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Virginia F.
Republican NC 5

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  • Providing for Consideration of H.R. 527, Small Business Regulatory Flexibility Improvements Act of 2015, and Providing for Consideration of H.R. 50, Unfunded Mandates Information and Transparency…

    by Representative Virginia Foxx

    Posted on 2015-02-04

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    Read More about Providing for Consideration of H.R. 527, Small Business Regulatory Flexibility Improvements Act of 2015, and Providing for Consideration of H.R. 50, Unfunded Mandates Information and Transparency...

    FOXX. Mr. Speaker, by direction of the Committee on Rules, I call up House Resolution 78 and ask for its immediate consideration.



    The Clerk read the resolution, as follows: [[Page H767]] H. Res. 78 Resolved, That at any time after adoption of this resolution the Speaker may, pursuant to clause 2(b) of rule XVIII, declare the House resolved into the Committee of the Whole House on the state of the Union for consideration of the bill (H.R. 527) to amend chapter 6 of title 5, United States Code (commonly known as the Regulatory Flexibility Act), to ensure complete analysis of potential impacts on small entities of rules, and for other purposes. The first reading of the bill shall be dispensed with. All points of order against consideration of the bill are waived. General debate shall be confined to the bill and shall not exceed one hour, with 40 minutes equally divided and controlled by the chair and ranking minority member of the Committee on the Judiciary and 20 minutes equally divided and controlled by the chair and ranking minority member of the Committee on Small Business. After general debate the bill shall be considered for amendment under the five-minute rule. It shall be in order to consider as an original bill for the purpose of amendment under the five-minute rule an amendment in the nature of a substitute consisting of the text of Rules Committee Print 114-3. That amendment in the nature of a substitute shall be considered as read. All points of order against that amendment in the nature of a substitute are waived. No amendment to that amendment in the nature of a substitute shall be in order except those printed in part A of the report of the Committee on Rules accompanying this resolution. Each such amendment may be offered only in the order printed in the report, may be offered only by a Member designated in the report, shall be considered as read, shall be debatable for the time specified in the report equally divided and controlled by the proponent and an opponent, shall not be subject to amendment, and shall not be subject to a demand for division of the question in the House or in the Committee of the Whole. All points of order against such amendments are waived. At the conclusion of consideration of the bill for amendment the Committee shall rise and report the bill to the House with such amendments as may have been adopted. Any Member may demand a separate vote in the House on any amendment adopted in the Committee of the Whole to the bill or to the amendment in the nature of a substitute made in order as original text. The previous question shall be considered as ordered on the bill and amendments thereto to final passage without intervening motion except one motion to recommit with or without instructions.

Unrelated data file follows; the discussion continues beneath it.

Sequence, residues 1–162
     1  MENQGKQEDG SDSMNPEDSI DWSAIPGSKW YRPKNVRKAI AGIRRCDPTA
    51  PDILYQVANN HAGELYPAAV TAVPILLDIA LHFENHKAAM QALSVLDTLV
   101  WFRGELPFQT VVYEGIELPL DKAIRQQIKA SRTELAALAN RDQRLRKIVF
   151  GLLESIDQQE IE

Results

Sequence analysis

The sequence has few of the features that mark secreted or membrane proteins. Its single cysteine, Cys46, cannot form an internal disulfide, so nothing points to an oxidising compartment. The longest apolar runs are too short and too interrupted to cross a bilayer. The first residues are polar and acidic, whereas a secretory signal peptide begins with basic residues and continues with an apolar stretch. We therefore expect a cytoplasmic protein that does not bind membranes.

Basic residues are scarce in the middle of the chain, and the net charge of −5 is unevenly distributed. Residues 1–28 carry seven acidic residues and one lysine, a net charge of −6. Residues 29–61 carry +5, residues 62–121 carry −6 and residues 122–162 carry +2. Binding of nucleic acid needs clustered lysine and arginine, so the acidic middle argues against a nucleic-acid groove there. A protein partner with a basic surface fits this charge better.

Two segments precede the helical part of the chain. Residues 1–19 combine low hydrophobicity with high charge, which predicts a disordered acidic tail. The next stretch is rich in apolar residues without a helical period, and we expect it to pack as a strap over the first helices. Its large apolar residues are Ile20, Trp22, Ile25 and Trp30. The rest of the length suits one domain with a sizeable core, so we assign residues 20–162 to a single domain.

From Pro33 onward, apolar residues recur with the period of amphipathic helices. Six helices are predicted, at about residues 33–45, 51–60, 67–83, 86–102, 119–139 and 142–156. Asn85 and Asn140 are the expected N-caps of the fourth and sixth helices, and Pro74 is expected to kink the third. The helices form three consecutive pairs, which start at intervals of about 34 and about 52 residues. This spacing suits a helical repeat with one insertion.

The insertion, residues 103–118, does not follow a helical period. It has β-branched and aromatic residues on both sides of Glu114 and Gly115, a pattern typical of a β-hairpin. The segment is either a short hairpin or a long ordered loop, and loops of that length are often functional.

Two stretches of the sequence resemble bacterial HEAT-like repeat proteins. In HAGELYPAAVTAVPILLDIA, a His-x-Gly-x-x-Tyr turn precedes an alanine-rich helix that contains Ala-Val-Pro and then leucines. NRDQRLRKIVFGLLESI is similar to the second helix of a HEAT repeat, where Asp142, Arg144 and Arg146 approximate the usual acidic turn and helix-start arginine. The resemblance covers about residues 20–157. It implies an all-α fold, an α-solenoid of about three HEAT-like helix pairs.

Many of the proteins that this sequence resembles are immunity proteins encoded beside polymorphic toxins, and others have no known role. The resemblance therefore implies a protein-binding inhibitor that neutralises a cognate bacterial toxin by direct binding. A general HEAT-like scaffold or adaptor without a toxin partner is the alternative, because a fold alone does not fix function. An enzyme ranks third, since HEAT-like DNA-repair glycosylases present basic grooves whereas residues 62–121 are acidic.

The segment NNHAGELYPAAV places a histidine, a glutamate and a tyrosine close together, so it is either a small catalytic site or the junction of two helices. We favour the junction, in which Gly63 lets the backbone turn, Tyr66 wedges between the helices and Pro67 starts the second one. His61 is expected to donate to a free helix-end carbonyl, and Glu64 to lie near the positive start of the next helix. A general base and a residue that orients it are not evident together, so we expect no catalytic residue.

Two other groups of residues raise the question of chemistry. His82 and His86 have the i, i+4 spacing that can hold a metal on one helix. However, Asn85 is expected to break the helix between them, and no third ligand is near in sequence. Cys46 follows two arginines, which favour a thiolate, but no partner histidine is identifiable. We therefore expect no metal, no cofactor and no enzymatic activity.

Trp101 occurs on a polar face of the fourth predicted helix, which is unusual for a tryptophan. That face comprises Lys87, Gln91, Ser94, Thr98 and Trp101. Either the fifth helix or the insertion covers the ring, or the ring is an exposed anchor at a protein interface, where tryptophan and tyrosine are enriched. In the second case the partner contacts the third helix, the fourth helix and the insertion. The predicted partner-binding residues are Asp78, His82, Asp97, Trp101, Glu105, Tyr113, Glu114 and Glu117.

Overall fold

Sec. 2. At any time after adoption of this resolution the Speaker may, pursuant to clause 2(b) of rule XVIII, declare the House resolved into the Committee of the Whole House on the state of the Union for consideration of the bill (H.R. 50) to provide for additional safeguards with respect to imposing Federal mandates, and for other purposes. The first reading of the bill shall be dispensed with. All points of order against consideration of the bill are waived. General debate shall be confined to the bill and amendments specified in this section and shall not exceed one hour equally divided and controlled by the chair and ranking minority member of the Committee on Oversight and Government Reform. After general debate the bill shall be considered for amendment under the five-minute rule. An amendment in the nature of a substitute consisting of the text of Rules Committee Print 114-4, modified by the amendment printed in part B of the report of the Committee on Rules accompanying this resolution, shall be considered as adopted in the House and in the Committee of the Whole. The bill, as amended, shall be considered as the original bill for the purpose of further amendment under the five-minute rule and shall be considered as read. All points of order against provisions in the bill, as amended, are waived. No further amendment to the bill, as amended, shall be in order except those printed in part C of the report of the Committee on Rules. Each such further amendment may be offered only in the order printed in the report, may be offered only by a Member designated in the report, shall be considered as read, shall be debatable for the time specified in the report equally divided and controlled by the proponent and an opponent, shall not be subject to amendment, and shall not be subject to a demand for division of the question in the House or in the Committee of the Whole. All points of order against such further amendments are waived. At the conclusion of consideration of the bill for amendment the Committee shall rise and report the bill, as amended, to the House with such further amendments as may have been adopted. The previous question shall be considered as ordered on the bill, as amended, and any further amendment thereto to final passage without intervening motion except one motion to recommit with or without instructions.